“Acquia has messed up Drupal project and now claim ownership and give dictatorial direction to an open source project which lot of community developers have huge objection to because they have put years of effort in building the product.”

    People may vary in their opinions of Acquia, but I don’t think anyone could argue that Acquia has claimed ownership of Drupal, or is providing dictatorial direction. What you’re saying is that Dries is a dictator, but he’s always been the leader of the project, he’s always been user 1. Acquia has not changed that at all. By comparison, it appears that WordPress has much more of a corporate entity in leadership.

  6. First, this is old news. As a result of this post there were subsequent posts and action taken to rectify the situation which themselves happened weeks ago. The community has become stronger because of it, so thinking that the Drupal community is fragmenting or declining is simply not the case. Anyone who thinks otherwise is reading way to much into this and quite frankly is reacting only to headlines and not the actual situation.

    Second, Drupal does not compete with WordPress or even Joomla, although of course there is some overlap. Drupal competes mostly against proprietary solutions, as demonstrated in the video produced by Acquia at https://acquia.com/blog/proprietary-software-vendors-take-aim-open-source.

    I hate these “open source wars”-type posts. To be transparent, I work for Acquia and love Drupal. I don’t use WordPress for a variety of reasons, however I never openly bash WordPress or actively campaign against it. I, like many others in the Drupal community, am open source first and Drupal second. I would hope that the WordPress community feels the same way, and we should at least be united in that we feel open source will bring about positive change in the tech community and beyond. Bashing each other effectively hurts everyone, because proprietary vendors are mercilessly gunning for both of us every second of every day.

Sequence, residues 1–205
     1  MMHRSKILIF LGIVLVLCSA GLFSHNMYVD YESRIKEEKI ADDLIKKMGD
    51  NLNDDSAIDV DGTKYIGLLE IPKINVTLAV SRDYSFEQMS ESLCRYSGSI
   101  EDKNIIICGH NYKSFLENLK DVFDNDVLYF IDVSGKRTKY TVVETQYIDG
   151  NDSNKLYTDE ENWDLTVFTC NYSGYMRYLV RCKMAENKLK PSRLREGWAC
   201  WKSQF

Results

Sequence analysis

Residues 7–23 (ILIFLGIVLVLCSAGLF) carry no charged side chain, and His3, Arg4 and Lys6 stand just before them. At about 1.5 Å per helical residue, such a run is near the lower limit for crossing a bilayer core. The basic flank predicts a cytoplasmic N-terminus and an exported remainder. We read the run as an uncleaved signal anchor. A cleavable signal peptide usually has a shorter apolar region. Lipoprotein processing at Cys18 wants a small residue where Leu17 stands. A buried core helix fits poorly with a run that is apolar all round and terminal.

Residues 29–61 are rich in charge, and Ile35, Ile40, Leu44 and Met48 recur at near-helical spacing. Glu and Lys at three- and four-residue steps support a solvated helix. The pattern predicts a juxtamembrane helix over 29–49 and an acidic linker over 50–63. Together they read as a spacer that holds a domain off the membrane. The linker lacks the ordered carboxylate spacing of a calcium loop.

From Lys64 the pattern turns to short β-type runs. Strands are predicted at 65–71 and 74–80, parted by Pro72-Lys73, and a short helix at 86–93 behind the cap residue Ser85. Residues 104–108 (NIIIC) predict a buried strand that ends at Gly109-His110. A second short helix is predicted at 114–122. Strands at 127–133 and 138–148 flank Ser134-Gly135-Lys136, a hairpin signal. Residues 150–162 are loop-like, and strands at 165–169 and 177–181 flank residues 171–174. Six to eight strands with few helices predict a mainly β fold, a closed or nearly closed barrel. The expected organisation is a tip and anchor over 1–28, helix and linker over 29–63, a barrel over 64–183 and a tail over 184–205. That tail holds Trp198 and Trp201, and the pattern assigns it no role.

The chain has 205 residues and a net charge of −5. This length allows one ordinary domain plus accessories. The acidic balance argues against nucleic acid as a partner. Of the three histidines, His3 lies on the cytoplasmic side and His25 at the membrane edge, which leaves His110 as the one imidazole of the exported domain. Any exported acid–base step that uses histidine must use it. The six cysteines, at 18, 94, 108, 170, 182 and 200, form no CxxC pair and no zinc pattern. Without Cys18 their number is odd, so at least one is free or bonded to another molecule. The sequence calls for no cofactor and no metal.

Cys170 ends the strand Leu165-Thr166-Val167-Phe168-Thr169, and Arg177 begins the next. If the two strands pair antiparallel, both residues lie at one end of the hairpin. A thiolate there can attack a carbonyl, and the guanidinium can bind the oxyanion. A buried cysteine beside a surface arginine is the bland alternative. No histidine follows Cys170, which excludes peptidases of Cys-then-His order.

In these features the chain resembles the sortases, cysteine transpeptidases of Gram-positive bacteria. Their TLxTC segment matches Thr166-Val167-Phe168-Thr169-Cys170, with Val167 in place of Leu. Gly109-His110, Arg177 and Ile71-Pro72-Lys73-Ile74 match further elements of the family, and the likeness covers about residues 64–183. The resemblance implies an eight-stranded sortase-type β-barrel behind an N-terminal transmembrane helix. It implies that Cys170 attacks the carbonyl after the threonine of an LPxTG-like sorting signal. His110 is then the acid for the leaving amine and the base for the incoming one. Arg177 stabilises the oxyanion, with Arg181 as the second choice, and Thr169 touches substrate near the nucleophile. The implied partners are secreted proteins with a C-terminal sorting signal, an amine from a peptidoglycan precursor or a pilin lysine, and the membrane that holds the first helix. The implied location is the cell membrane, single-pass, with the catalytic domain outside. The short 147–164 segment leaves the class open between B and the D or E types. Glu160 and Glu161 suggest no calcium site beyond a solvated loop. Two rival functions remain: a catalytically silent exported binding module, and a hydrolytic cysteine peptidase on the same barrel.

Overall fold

7. They are both terrible (in many ways – poorly programmed, poorly architectured, in the case of WP mixing logic / presentation (please tell me thay have stopped doing this), performance and so on), although at least WordPress is usable (for the most part) by non-techies. Drupal on the other hand is a nightmare even for programmers, the list of bugs is endless, not just in the core, but in modules, many of which take months to get fixed (if ever), which then means you have to go through their code work out what is wrong and fix it for them, which rather defies the point.

    The performance of both is terrible for anything outside of their core brief, which is not so bad for WP as it doesn’t claim to do everything (WP offshoots aside), but Drupal’s alleged flexabilty is a joke, try running anything busy that has a lot of real time data that means limited caching, it is painful as you run head long into Drupal’s “performance”.

    WP is fine for non-techies, Drupal is painful fornearly everyone, for programmers a framework gets things done twice has fast, performs many, many times faster and is far more maintainable.